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Thursday
Apr072011

The Find

 

I was shopping with my family a few months back and came across this arrangement of images in a display case. I asked the shop owner about them and he mentioned that he found the images on the side of the road in a shoebox one day and that no other information about the photographer could be found. I was mesmerized by the images that I saw in that case. There was honesty in the naivety of the images - freedom to play without fear of the results. This struck me as rather odd being that they were probably taken by a photo enthusiast and not a professional and to my knowledge when an amateur messed up the mistake was glaringly so - which was not the case here. I immediately started editing the pictures in my mind and so wanted to buy them on the spot but time got the best of us and we had to leave. We revisited the shop a few months later and I asked about the pictures. To my surprise they were still available and had been moved to the back to make room for larger items to be displayed. I paid $30 for the lot - roughly 250 pictures and some negs - and went home to begin where I had left off ages ago. As I started to sort and edit what really started to stand out was that the photographers voice was coming through in the images. Whether they knew it or not they were creating a cohesive body of work that had a distinct look to it. Now when I was working as an editor I was often asked by young photographers to critique their work and 99% of the time the feedback they got was to own their images - to create work that could be seen as coming from within them. Essentially, their look. Now here I was going through stacks of photos taken by someone who probably had not knowledge of such a thing as 'their look' yet the results before me would say differently. There were stacks of travel shots and stacks of animals, piles of portraits and still lifes (that really did reek of amateur at play) and the odd small photobook. After all was said and done I probably could have created a few edits of the work that was found.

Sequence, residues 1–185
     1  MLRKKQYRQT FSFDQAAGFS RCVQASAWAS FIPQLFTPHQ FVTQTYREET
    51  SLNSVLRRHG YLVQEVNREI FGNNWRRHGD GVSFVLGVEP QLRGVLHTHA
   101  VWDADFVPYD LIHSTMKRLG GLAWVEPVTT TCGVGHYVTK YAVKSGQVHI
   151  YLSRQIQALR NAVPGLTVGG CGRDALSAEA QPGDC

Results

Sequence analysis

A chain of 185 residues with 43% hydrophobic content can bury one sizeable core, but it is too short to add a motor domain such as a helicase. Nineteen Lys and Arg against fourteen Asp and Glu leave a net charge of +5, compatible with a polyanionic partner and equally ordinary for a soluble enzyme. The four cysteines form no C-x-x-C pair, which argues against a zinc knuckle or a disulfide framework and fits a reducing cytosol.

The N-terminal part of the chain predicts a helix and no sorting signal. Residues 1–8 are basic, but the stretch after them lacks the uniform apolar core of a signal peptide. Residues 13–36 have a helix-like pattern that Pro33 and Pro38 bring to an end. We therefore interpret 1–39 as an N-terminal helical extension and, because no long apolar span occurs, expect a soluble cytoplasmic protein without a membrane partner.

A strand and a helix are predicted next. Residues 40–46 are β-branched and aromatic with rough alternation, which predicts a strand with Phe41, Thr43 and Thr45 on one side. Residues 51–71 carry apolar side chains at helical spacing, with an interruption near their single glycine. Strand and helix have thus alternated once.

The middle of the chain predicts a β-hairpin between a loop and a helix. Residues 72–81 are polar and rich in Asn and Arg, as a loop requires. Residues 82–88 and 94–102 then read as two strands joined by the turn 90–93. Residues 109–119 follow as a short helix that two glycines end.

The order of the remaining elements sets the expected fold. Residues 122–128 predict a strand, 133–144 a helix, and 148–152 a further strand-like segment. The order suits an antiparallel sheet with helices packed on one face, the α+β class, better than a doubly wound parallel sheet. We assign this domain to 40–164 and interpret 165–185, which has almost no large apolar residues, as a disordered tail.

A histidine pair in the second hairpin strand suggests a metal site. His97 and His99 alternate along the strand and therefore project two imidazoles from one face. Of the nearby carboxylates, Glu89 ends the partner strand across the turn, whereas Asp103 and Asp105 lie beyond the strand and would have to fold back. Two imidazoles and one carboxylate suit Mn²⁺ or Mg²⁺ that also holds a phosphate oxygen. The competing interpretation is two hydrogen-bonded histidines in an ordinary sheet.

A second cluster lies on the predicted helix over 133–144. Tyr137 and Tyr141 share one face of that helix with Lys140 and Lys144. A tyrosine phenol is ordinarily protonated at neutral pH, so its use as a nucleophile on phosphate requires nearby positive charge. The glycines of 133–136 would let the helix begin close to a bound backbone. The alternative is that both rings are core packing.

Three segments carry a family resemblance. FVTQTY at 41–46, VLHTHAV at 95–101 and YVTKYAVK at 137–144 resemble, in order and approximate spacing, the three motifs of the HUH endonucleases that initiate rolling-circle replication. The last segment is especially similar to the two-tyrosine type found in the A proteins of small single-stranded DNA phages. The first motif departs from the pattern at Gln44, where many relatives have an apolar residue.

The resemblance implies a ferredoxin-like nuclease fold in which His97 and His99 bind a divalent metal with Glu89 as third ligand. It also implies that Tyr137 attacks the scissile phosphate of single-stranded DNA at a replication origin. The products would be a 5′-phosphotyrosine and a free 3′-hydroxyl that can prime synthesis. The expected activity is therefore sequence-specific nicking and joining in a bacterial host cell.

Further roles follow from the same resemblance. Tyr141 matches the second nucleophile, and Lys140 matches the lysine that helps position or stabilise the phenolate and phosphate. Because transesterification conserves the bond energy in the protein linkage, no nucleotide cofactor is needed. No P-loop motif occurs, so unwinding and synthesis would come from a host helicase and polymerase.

There is something magical about creating an edit out of something that you have no ownership over. No guidelines to adhere to, no existing notions of what the final product should be. This edit is more an exhibition of my reaction to the images as I mulled over them carefully. How well they play together and how I picture them working within a larger body of work that never has nor ever will exist. With these pictures I got to create a photographer and in essence, recreate their life as I saw it. 

 

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